The first time I met Russell, almost twenty years ago, he had just locked himself out of his house. And he was not happy about the situation. Over the course of the next two decades, he managed to lock himself out of the house just slightly more often than he misplaced his keys inside the house. Which was pretty often. It was an ongoing joke among our close friends. He received more than a few ridiculous hide-a-key tchotchkes for birthday presents. Our lawn, at times, resembled the Jockey Lot on a bustling Saturday afternoon, covered in gaudy decoys, like concrete frogs and Chia pets. (The only things missing were some boiled peanuts and funnel cake, both of which Russell was extremely fond.) Eventually, we just stopped locking the door. We joked we had nothing worth stealing anyway. The things that mattered most weren’t things, after all. Russell was happy knowing that he could always go home when he wanted to and there were no more obstacles preventing him from doing so.
Russell was always happy being home. He was comfortable in his chair, his spot on the couch, his place at the kitchen sink washing dishes and gazing out the window at the songbirds and daydreaming about his “stories”. He was comfortable with his thoughts. He was not afraid of the quiet. He was also, however, a great lover of people, of their energy and their unique ideas and perspectives. He loved to learn; I’ll never forget the day he first discovered this little website called Wikipedia. It took the place of his gold-leafed set of hardback encyclopedias that his mother reports he used to drag to the bathroom when he was potty training at the tender age of two. He was the epitome of a Renaissance Man; when he was in his twenties he rebuilt the engine to his 1967 baby blue Mustang (twice, actually) by reading the manual. He knew the etymology of every word he spoke and whether its root was Latin or Greek. And now, so do our children. He loved a good salon, explained helpfully by our friend, Wikipedia, as “a gathering of people under the roof of an inspiring host, held partly to amuse one another and partly to refine the taste and increase the knowledge of the participants through conversation. These gatherings often consciously followed Horace’s definition of the aims of poetry, ‘either to please or to educate’.” These were some of the values Russell held most dear – pleasing, educating, and just being at home in the company of like-minded souls.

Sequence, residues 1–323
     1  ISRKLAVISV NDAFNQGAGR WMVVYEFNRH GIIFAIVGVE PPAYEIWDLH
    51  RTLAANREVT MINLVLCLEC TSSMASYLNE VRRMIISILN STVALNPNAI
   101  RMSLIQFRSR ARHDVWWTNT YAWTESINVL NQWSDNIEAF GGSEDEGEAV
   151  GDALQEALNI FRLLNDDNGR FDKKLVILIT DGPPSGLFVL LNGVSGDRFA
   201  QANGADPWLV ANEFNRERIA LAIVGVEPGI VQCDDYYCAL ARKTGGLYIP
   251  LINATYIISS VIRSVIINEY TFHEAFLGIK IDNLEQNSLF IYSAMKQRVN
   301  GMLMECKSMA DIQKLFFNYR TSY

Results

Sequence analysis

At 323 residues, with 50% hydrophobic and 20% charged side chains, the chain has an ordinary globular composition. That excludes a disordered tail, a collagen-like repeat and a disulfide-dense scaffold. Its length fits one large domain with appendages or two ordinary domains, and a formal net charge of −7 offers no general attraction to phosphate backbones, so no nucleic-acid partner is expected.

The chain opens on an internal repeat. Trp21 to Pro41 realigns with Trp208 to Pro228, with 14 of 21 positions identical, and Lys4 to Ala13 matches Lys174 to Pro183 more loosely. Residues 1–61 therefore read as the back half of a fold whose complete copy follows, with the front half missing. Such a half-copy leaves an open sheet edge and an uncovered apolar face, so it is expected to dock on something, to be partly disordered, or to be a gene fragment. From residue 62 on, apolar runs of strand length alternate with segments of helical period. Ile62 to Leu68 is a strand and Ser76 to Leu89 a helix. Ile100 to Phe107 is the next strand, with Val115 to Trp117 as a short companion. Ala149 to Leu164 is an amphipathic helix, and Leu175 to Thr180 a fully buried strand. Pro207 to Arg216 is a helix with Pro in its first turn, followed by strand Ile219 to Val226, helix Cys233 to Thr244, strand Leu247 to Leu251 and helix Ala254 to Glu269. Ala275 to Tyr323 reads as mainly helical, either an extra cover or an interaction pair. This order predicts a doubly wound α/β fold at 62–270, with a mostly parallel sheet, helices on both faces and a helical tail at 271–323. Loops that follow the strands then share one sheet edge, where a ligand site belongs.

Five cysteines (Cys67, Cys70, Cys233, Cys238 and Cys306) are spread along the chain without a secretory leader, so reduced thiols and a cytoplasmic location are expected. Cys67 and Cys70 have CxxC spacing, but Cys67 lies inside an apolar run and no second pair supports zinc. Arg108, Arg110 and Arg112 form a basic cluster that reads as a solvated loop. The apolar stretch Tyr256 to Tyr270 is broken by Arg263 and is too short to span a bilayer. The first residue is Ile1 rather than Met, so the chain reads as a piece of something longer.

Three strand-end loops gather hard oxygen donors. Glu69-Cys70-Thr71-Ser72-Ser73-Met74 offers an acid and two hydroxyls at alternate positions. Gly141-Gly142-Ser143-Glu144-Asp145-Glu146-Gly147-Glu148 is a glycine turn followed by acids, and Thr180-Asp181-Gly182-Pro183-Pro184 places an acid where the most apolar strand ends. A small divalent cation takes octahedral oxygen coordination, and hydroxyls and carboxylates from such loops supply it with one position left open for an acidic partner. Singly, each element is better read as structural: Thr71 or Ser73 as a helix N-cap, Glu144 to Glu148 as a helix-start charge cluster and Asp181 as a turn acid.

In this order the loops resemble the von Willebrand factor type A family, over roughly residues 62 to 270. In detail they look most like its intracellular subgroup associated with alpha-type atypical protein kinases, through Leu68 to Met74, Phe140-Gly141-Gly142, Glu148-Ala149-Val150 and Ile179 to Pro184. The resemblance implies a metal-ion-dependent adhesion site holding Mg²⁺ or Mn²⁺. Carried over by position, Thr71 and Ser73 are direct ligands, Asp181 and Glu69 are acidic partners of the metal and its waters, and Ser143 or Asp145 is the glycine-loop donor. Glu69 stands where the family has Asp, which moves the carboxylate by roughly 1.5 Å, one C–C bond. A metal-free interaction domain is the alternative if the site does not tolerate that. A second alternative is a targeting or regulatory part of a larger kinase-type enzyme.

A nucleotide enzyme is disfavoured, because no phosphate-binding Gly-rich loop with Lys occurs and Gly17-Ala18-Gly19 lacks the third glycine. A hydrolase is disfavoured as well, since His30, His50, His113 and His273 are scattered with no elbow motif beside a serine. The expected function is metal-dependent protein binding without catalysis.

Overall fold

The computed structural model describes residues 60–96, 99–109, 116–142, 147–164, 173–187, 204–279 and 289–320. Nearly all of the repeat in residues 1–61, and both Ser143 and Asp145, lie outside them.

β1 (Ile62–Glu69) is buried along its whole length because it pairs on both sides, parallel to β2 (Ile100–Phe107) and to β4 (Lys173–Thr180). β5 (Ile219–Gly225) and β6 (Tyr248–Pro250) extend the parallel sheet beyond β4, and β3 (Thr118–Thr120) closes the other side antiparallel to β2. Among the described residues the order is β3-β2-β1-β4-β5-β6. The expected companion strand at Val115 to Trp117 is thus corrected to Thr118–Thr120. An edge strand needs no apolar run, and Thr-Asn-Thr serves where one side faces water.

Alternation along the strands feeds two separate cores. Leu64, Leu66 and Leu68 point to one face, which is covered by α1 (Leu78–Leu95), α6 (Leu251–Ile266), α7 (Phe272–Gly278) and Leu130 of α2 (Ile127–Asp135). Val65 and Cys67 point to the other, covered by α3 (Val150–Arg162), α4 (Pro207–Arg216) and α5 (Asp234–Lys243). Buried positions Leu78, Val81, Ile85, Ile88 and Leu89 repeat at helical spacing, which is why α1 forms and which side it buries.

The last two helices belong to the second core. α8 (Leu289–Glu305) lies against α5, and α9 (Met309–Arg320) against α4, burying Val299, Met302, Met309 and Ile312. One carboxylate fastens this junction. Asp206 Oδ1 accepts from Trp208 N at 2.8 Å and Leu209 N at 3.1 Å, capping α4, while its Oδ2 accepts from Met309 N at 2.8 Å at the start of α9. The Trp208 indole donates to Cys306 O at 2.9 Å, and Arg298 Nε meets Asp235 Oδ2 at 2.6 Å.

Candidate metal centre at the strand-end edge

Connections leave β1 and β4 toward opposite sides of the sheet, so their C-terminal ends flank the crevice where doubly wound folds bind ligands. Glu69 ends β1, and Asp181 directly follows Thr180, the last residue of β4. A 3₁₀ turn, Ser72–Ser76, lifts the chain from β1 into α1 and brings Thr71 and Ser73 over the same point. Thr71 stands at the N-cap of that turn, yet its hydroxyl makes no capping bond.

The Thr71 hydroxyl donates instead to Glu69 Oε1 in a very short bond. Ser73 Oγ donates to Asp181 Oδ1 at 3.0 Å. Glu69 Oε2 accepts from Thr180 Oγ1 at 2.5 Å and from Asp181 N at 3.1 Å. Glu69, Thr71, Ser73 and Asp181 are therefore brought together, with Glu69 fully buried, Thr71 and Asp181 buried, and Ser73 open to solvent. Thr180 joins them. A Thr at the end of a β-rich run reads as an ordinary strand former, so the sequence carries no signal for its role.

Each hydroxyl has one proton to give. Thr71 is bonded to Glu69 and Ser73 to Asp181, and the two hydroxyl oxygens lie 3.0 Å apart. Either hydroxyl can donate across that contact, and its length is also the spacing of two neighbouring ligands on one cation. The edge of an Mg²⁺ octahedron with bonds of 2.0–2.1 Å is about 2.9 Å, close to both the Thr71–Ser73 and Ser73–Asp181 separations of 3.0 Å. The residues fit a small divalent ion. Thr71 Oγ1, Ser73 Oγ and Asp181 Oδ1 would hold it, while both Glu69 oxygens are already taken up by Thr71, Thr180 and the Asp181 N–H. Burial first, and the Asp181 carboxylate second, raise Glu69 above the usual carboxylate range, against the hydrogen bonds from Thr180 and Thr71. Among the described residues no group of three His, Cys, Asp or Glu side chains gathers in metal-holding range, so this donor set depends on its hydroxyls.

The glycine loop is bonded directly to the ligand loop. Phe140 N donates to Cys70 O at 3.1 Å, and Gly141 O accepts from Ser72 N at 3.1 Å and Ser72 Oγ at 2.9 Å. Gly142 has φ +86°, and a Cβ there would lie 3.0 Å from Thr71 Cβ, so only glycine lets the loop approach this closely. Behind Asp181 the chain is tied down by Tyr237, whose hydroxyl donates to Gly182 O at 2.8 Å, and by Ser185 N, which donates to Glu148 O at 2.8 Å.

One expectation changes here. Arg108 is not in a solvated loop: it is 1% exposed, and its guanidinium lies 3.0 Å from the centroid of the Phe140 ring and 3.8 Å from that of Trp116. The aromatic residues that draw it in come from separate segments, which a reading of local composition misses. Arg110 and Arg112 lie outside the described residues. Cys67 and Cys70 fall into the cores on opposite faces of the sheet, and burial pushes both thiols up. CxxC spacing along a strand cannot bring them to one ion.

Several years ago, Poppy wrote a poem at school about home that I’d like to share:
Where I’m From
by Poppy H. (age 7)
I am from a house that has a smooth front porch and scratchy carpet.
I am from a house that has lots of toys and cats.
And a dog.
I am from a noisy radio.
I always hear the news.
I am from Dad telling me stories every night.
We love all the stories.
I am from me playing the piano C to G over and over again.
I am from root beer and saucy pizza.
(It is so cheesy.)
I am from the smell of cat litter.
And also fresh crusty quiche and berries so juicy.
I am from warm hugs and kisses.
I am from Christmas,
Being the first one up and the last one asleep.
I am from cancer check-ups.
I am from laughing all the time.
I am from Slackajack and Butter – my favorite toys.
I am from love.